- What’s the responsibility of the principal investigator, the scientist leading the research project and, in most cases, heading the lab?
- What’s the responsibility of the staff research assistant or technician, doing necessary labor in the lab for a paycheck?
- What’s the responsibility of the graduate student in the research group, trying to learn how to do original research and to master the various skills he or she will need to become a PI someday? (It’s worth noting here that there’s a pretty big power differential between grad students and PIs, which may matter as far as how we apportion responsibility. Still, this doesn’t mean that those with less power have no ethical obligations pulling on them.)
- What’s the responsibility of the institution under whose auspices the lab is operating? When a safety inspection turns up problems and issues a list of issues that must be corrected, has that responsibility been discharged? When faculty members hire new staff research assistants, or technicians, or graduate students, does the institution have any specific obligations to them (as far as providing safety training, or a place to bring their safety concerns, or protective gear), or does this all fall to the PI?
- And, what kind of obligations do these parties have in the case that one of the other players falls down on some of his or her obligations?
Here's how I would structure things (and how I have seen things structured in the past):
The principal investigator: The PI is ultimately responsible for running a safe lab. The best way to ensure that is to directly train the most senior members of the lab, to "train the trainer." From that point forward, the PI needs to ensure that senior graduate students and postdocs have a training and mentorship role in chemical safety and are properly executing that role. The PI should set up a safety/maintenance program, lay out the program and the responsbilities in clear, simple terms. The PI has the most prominent enforcement role; walking into their lab, they should spot safety problems and ask that they be corrected immediately. The PI has the most prominent foresight role; they should be able to see incoming safety problems from new chemistry, procedures or policy and be able to respond appropriately.
Postdocs and senior graduate students: Postdocs and senior graduate students (having been previously directly mentored by the PI) should be responsible for setting the day-to-day safety tone of the laboratory. They should be good examples and resources for newer lab members. While not directly responsible for the safety of younger graduate students, they should have a prominent advisory role and be willing to intervene (to the point of contacting the PI, if necessary) in order to keep lab members from doing egregiously unsafe things. They also have a foresight role, in that they should also be able to spot incoming safety issues and note them with the other group members.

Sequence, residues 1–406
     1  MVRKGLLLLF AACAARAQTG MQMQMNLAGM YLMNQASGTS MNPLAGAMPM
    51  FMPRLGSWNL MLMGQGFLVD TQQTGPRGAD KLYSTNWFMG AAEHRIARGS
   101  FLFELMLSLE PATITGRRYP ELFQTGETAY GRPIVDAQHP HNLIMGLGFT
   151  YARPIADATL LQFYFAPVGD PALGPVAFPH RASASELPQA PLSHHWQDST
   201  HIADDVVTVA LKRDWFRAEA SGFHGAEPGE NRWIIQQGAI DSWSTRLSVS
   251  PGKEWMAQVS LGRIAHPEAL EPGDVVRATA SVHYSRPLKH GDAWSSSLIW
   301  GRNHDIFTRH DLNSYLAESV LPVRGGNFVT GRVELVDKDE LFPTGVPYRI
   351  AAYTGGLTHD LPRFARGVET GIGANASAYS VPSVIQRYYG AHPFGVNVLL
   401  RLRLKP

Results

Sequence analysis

Younger graduate students: They should be responsible for finding out and understanding the chemical safety risks they are taking on in their work. They are responsible for asking if they don't understand an issue and making sure that they don't proceed blindly. They also have the uncomfortable responsibility to question and/or dissent if they're being asked to do something unsafe.
The institution: The institution is ultimately (legally) responsible for the safety of its students; they're also the only administrative check on the power of the PI. If the PI cannot run a safe laboratory, they are the only people who can intervene. The institution has not discharged their responsibilities if they merely point out safety deficiencies without following up. The institution (via the EH&S office) has the responsibility to supply both basic chemical safety training (e.g. helping the PI develop a chemical hygiene plan) and for providing a 3rd party for graduate students and postdocs to turn to.
What if things don't work well? That's a problem with the way I've structured things: this system works well when you have a good PI. If you don't, well, that's an issue. While the institution may have the legal and/or ethical responsibility to intervene, I have a difficult time imagining a situation in which they can or will.
I'm not sure this answers Professor Stemwedel's questions in a satisfactory manner, but it's definitely how I see things. Readers, am I crazy?
*Thanks for DM for the correction of grammar.